Free State is a pre-Civil War reference to the town of Lawrence, KS, where the studio is located. It’s also a nice metaphor for the way glass is when we work with it. Glass is about color and light that you can create and manipulate. As a process, glass blowing is very appealing to artists because it’s very physical.
Right now, probably 50 percent of my work is lighting. The other 50 percent is art and craft store items. I probably do four or five large-scale projects a year that cost anywhere from $5,000 to $20,000, plus numerous smaller items. I have longtime patrons who have no more room for my bowls, but who can find the room for a light fixture.
I always like to get to know the people who choose to become my clients. They become my friends, and I get to know their space and their identity and what they want to project. It is very rare for me to just work through a designer and not become well-acquainted with the people who will live with the piece. I’ve been lucky to get clients who see things my way, or at least I am able to see things their way. A lot of times, they are people who are creative in their own lives.
In the case of the Turnbulls, for whom I created three pieces for three adjoining rooms, their living space is their way to create. They told me very early on that the focus of the project was not to create light but to create art. That’s good because that is the way I approach my lighting designs. Even so, I always try to get an idea from clients as to how much task lighting they are trying to achieve with this sculptural item that is going to hang from their ceiling. Sometimes they aren’t interested in that at all. That really helps me because my work isn’t always as simple as putting a light inside every globe. I do a lot of indirect lighting of the piece itself. For the Turnbulls’ project, there is some neon rim lighting, and there’s a little bounce lighting off the ceiling. Each fixture is probably 3 feet wide by 7 feet long, which is a nice size for most residential applications.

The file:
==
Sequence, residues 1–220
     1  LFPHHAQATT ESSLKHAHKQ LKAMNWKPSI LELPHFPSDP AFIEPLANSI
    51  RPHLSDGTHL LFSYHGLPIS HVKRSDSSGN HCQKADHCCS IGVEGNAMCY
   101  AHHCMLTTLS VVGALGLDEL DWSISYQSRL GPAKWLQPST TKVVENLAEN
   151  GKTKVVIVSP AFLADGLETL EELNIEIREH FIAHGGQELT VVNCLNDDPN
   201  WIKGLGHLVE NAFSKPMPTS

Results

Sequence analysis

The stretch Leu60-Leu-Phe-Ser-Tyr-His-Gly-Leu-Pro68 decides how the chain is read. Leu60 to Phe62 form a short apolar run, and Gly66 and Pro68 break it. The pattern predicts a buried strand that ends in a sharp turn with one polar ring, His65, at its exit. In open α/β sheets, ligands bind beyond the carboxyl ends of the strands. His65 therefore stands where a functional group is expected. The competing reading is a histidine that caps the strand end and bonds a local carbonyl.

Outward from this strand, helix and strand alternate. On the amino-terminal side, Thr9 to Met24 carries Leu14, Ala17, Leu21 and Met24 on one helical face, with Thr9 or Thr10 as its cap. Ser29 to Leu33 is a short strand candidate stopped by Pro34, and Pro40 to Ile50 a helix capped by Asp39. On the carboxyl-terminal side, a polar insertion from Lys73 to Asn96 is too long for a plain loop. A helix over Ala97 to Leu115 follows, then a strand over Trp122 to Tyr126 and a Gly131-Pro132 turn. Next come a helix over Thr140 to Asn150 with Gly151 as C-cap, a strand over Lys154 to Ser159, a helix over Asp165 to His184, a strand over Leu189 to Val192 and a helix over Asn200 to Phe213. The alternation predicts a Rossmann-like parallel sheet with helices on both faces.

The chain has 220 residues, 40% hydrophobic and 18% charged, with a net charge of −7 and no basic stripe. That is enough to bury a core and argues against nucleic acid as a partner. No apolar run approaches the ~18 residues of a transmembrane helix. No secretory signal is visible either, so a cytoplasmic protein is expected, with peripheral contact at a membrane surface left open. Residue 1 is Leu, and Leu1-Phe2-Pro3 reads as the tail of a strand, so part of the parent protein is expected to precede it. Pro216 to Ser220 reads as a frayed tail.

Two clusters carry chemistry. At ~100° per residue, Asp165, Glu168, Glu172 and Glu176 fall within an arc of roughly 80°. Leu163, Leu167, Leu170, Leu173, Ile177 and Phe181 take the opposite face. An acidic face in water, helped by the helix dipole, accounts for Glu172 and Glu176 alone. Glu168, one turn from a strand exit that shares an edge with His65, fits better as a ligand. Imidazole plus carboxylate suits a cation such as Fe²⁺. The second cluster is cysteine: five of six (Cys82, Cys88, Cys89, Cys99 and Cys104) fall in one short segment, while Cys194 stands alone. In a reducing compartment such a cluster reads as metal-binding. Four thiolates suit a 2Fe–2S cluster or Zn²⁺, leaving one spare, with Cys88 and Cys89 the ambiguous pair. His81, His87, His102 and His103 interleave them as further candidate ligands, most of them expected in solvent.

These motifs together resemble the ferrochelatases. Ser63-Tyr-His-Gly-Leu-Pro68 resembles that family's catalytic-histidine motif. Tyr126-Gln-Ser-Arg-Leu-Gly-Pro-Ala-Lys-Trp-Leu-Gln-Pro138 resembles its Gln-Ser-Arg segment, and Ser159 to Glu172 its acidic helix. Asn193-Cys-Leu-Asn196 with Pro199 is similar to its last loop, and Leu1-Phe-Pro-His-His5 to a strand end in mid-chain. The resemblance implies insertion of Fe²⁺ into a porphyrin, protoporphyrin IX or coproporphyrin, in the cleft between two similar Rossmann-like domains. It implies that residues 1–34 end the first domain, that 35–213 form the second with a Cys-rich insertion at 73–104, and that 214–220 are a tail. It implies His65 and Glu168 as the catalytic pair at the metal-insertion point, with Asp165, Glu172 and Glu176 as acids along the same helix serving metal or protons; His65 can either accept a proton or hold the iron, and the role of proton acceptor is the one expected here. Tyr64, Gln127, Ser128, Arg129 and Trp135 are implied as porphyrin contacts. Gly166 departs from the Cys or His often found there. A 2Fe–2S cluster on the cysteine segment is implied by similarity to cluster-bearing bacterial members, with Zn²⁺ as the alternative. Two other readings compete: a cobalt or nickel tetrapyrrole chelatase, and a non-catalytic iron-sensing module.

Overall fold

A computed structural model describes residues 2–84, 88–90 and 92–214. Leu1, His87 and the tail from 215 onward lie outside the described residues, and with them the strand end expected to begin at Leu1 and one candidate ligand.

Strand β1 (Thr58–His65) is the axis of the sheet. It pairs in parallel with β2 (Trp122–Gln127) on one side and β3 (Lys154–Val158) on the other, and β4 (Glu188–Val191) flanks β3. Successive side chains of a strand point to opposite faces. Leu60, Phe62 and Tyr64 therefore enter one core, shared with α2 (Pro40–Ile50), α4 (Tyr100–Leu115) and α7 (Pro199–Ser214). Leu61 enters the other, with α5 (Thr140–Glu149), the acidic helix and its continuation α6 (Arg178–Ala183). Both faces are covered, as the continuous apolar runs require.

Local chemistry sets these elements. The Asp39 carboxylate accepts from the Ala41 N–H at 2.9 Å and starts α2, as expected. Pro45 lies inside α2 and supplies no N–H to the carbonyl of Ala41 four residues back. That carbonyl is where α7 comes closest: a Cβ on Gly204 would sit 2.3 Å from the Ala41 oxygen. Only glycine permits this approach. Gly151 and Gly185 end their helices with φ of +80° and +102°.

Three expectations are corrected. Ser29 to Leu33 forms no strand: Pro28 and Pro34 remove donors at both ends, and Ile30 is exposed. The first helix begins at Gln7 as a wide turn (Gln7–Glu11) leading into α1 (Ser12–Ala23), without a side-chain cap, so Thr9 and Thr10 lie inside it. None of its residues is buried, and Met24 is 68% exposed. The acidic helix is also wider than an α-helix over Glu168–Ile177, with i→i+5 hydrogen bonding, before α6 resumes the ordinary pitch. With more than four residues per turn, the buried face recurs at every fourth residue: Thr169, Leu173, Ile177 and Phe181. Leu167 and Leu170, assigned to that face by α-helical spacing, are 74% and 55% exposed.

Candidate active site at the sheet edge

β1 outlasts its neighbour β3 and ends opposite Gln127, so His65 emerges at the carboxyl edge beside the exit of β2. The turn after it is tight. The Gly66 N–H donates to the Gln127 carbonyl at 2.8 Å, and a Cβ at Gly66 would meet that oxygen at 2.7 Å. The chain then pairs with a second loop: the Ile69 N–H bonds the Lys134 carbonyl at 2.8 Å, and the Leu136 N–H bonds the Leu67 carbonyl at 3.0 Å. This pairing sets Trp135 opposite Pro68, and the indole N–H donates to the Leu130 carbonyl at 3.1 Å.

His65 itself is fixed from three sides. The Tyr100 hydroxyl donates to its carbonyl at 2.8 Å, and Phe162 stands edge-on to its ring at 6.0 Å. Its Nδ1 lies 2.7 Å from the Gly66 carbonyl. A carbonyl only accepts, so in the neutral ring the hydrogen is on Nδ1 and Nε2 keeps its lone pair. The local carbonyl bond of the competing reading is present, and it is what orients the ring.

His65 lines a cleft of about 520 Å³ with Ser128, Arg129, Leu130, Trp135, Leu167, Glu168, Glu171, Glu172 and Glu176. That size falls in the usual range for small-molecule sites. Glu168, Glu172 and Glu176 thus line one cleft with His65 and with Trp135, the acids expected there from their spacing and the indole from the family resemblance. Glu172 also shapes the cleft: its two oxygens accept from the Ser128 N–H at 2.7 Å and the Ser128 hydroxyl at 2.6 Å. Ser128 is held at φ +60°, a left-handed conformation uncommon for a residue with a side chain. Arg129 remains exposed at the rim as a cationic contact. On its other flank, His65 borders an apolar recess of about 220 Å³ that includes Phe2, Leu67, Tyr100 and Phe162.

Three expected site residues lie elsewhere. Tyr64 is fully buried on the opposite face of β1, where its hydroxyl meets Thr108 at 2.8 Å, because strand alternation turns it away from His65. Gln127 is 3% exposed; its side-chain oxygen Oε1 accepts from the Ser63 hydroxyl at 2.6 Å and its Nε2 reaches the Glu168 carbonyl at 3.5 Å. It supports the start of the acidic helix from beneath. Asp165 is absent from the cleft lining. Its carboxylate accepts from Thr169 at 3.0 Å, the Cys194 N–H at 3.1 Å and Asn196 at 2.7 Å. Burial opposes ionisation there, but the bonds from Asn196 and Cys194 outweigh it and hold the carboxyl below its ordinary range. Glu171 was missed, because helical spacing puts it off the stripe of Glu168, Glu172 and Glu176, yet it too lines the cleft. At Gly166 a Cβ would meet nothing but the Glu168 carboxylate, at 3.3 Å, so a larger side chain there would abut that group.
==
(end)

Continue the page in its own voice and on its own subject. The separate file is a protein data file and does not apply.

I like to do all the work myself, including the metal work. I find a lot of joy in getting away from glass and working with metal. The bending of the steel, the shaping, the welding— all that is kind of a little vacation for me. It lets me be creative without feeling like I am at work. I also like to be there during the installation of the lights. I don’t do the electrical part, but I like to be there and finish the job.